Home Environmental A Natural Science Enthusiast’s Guide to Medicinal Plants
Environmental By Joe Burgett -

A Natural Science Enthusiast’s Guide to Medicinal Plants
KHUS Grass. Photo Credit: Mirzamlk/Shutterstock

Khus (Chrysopogon zizanioides)

  • Medicinal Use: Acne, Skin Inflammation

It is easy to get Khus and Khus Khus confused. After all, they are the same word with one just using the same word twice. It can even lead to people seeing them as the same thing. However, they ARE NOT the same. We need to make that perfectly clear here. We’re discussing Khus, which is a form of bunchgrass. It has been used for a ton of useful things over the years from being a termite repellant to use in skin products.

A Natural Science Enthusiast’s Guide to Medicinal Plants
KHUS Essential Oil. Photo Credit: Mirzamlk/Shutterstock

As a result, however, there has been some medicinal success with Khus. It is terrific for skincare products because it allows a person to use it in something like makeup and not have severe skin reactions. In fact, it has a calming, cooling effect to it a lot like Menthol. Plus, Khus treats acne! It also treats inflammation on the skin, allowing it to be a terrific addition to numerous makeup or perfume brands. As it will not harm, but actually help your skin.

A Natural Science Enthusiast’s Guide to Medicinal Plants
The Crown Flower. Photo Credit: Photo by MHIN/Shutterstock

Crown Flower (Calotropis gigantea)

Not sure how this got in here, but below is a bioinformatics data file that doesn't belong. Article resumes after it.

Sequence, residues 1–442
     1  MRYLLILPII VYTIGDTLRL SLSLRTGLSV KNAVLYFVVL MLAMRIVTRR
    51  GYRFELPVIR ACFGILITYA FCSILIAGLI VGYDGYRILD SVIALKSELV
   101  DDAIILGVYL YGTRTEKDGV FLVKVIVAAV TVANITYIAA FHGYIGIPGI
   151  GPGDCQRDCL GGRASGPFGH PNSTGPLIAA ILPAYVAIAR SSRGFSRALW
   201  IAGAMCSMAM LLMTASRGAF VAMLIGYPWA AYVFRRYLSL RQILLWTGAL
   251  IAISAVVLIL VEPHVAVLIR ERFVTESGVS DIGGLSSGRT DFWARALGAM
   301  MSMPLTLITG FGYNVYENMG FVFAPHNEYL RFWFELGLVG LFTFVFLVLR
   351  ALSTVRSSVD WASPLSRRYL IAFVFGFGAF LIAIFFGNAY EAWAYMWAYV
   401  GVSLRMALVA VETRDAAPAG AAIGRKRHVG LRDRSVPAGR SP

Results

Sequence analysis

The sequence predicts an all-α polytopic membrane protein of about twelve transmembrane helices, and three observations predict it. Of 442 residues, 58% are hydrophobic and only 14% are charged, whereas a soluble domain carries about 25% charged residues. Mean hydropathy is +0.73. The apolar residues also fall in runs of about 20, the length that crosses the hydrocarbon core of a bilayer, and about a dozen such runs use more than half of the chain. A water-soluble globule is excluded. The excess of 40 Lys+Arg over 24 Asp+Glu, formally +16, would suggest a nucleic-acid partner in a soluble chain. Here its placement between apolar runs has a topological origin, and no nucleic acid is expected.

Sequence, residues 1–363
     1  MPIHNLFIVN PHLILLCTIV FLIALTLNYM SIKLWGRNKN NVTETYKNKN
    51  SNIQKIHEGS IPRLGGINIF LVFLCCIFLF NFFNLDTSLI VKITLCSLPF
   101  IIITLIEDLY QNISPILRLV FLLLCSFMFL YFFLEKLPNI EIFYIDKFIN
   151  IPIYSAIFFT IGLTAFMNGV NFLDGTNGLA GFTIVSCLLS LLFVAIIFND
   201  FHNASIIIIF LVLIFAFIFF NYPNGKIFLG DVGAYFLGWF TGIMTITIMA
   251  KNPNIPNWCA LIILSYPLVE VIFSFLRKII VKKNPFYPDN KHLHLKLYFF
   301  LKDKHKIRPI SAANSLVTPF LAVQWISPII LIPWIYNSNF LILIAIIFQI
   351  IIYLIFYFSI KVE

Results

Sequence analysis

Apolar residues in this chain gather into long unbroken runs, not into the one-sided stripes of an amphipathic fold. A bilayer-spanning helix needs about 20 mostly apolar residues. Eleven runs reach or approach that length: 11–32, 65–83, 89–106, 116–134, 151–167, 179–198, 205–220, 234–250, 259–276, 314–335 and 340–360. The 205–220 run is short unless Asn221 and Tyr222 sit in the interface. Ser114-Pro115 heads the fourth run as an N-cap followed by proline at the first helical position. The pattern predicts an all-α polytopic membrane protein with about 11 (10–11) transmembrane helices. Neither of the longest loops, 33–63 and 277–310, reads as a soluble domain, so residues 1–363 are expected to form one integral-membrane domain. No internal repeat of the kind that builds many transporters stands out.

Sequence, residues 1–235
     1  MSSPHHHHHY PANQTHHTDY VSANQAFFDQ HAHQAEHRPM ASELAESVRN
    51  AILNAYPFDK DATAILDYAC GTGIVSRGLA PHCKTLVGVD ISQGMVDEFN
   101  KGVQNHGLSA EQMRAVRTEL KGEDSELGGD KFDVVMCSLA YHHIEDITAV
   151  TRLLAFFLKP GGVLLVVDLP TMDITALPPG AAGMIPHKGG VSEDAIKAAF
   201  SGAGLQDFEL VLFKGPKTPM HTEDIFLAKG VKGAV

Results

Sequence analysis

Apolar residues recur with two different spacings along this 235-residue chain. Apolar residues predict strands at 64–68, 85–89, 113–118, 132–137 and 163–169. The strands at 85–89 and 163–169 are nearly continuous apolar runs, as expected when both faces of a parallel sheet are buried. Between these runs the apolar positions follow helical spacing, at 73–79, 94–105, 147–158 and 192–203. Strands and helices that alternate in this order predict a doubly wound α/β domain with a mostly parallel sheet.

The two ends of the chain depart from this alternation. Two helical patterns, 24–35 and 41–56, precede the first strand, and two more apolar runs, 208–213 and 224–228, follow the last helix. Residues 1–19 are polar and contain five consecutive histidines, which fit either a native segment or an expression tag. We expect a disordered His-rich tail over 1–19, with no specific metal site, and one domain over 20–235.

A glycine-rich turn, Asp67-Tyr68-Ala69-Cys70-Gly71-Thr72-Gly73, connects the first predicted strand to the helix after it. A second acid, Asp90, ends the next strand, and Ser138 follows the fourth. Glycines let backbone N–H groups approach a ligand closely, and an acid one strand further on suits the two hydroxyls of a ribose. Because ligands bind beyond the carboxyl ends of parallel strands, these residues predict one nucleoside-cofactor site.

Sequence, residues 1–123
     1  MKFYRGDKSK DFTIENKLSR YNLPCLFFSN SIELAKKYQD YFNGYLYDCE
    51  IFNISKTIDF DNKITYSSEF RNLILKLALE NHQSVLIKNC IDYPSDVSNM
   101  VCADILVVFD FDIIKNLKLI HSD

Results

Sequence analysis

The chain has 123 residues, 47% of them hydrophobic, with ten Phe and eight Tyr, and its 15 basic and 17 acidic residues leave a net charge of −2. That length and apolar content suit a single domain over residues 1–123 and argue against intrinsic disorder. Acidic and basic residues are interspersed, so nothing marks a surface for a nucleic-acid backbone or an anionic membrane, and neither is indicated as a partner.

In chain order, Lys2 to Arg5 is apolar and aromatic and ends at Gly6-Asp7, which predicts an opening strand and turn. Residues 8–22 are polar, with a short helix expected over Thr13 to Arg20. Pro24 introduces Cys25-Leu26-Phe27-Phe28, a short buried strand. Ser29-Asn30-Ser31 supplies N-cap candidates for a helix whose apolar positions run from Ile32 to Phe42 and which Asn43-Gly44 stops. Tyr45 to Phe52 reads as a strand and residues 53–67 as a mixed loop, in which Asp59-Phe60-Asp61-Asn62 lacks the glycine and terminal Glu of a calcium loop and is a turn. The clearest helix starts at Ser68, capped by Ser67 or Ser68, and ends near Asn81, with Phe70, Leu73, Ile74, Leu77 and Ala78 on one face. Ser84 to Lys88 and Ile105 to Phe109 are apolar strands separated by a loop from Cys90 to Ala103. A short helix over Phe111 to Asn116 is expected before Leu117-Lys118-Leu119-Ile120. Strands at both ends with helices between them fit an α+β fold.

• Medicinal Use: Bacterial Infections, Asthma, Snakebites, Possible Cancer-Fighter

The Crown Flower happens to be one of the most popular medicinal plants, but it’s known by other names depending on where you’re from. “The Rui” is one of the common names for it in Asia. It rose to popularity, funny enough, as a great way to poison arrows one would shoot at their enemies. How does poison become a medicinal asset? India began seeing it treat some bacterial infections, mostly respiratory versions. It would even be used to treat asthma.

A Natural Science Enthusiast’s Guide to Medicinal Plants
Crown Flower in Bloom with Beetle. Photo Credit: Prasetyo tiyut/Shutterstock

That allows it to become popular for treating a lot of breathing issues, even shortness of breath and swelling issues. It would even become popular in India for treating snakebites. Of course, significant studies have found the Crown Flower has great cancer-fighting properties, especially in Carcinomas A549, HCT 116, and HEP G2. There is even solid evidence that it can be used as a useful contraceptive as well.

A Natural Science Enthusiast’s Guide to Medicinal Plants
The Fenugreek Plant. Photo Credit: Rainbow_dazzle/Shutterstock

Fenugreek (Trigonella foenum-graecum)

  • Medicinal Use: Gastritis, Upset Stomach, Cuts Down On Obesity, Potentially Helps Painful Menstruation

Fenugreek has become relatively popular as one of the most common medicinal plants used to treat obesity issues. This has also resulted in the plant getting credit for treating diabetes too. Rather, it helps cut down on overeating by giving people a full feeling. On top of this, it has been shown to be successful in treating an upset stomach as well as Gastritis or inflammation of the stomach. Other stuff is more folklore than proven science.

A Natural Science Enthusiast’s Guide to Medicinal Plants
Fenugreek Seeds & Essential Oil. Photo Credit: Swapan Photography/Shutterstock

For many years, it was claimed Fenugreek treated painful menstruation and what we’d come to call polycystic ovary syndrome as well. It is more than likely that if it helped the former, it also helped the latter. Also, if it does indeed help with inflammation issues in the digestive tract, it might also help to cut down inflammation in the urinary tract areas as well. This could be why it has been given credit for helping with the pain women might face.